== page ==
What? No Books in the White House?

What? No Books in the White House?
Abigail Fillmore: First Ladies' Lives

Skill: Middle School
Time Required: One to two class periods


Standards Compliance
NCSS Strand 2
Time, Continuity, and Change
NCSS Strand 5
Individuals, Groups, and Institutions
NCTE Standard 7
Students conduct research by generating ideas, questions, and problems. They gather, evaluate, and synthesize data.
NCTE Standard 8
Students use a variety of technology and information resources to gather, synthesize, and communicate knowledge.
ISTE Standard 5
Technology research tools

Introduction:

When Abigail and Millard Fillmore moved into the White House, they found that there were no books in the house.  Both of them were real lovers of books, and both set about to create a White House library—for themselves and for future Presidential families.

Objectives:

Students who participate in this activity will learn about the quest to create a library in the White House, something about the lives of the Fillmores, and something about the difficulty of getting funding from a hostile Congress.  Students will also gain experience in historical research, and in planning for a library of their own.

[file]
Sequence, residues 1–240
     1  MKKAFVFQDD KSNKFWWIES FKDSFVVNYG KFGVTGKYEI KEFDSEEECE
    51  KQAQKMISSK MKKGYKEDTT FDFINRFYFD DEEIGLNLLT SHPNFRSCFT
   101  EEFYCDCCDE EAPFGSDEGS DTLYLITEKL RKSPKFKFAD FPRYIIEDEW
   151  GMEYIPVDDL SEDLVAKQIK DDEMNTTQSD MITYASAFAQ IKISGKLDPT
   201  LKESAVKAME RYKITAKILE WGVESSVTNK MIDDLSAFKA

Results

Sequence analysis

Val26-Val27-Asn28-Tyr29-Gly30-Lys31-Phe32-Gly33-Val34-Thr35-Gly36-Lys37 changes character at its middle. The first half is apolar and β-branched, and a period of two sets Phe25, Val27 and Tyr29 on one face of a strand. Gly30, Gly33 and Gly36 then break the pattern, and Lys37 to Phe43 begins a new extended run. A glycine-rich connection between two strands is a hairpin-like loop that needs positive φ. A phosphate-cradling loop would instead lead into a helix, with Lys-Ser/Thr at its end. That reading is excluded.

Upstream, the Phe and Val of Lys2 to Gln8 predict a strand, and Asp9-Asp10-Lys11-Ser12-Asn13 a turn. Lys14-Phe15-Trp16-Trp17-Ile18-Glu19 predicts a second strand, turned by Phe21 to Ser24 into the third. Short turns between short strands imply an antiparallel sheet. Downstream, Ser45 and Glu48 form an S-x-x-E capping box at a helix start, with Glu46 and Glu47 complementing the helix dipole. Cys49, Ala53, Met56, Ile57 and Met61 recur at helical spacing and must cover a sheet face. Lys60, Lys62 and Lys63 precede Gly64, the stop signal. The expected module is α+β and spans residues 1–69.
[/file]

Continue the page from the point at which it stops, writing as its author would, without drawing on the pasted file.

Materials Required:

Access to the Internet; books about the White House

Procedures:

1.  Students may be divided into working groups for this project (all groups read the article listed below). After everyone reads the article, suggested groups would be the following:

  • One group to make the timeline
  • One group to make a poster about the debate in Congress
  • One group to provide illustrations of the White House Library
  • One group to list as many titles of original books as they can find  (see website below)

2.  Using the web site listed below, as well as other materials about the White House which may feature information on the White House Library, plot out a timeline of events in Abigail and Millard Fillmore’s quest to establish a library in the White House.

Extending the Lesson:

This lesson can be extended by asking students to “spend” $2,500 on purchasing books for a library of their own.  Take the place of Abigail Fillmore: what books would you buy?  Would Congress approve your expenditures?
 
Another extension might be to have students look carefully at the historical section of the White House web site, and researching the history of the major rooms in the White House—how they’ve changed, what they’re used for now, etc.

Sources & Resources:

Books:

Parisian, Catherine M., ed., The First White House Library. Pennsylvania State University Press, 2010.

Websites:

Abigail Fillmore Biography

Google Books edition of The First White House Library

Credits:

This lesson was developed by Averil McClelland, Kent State University.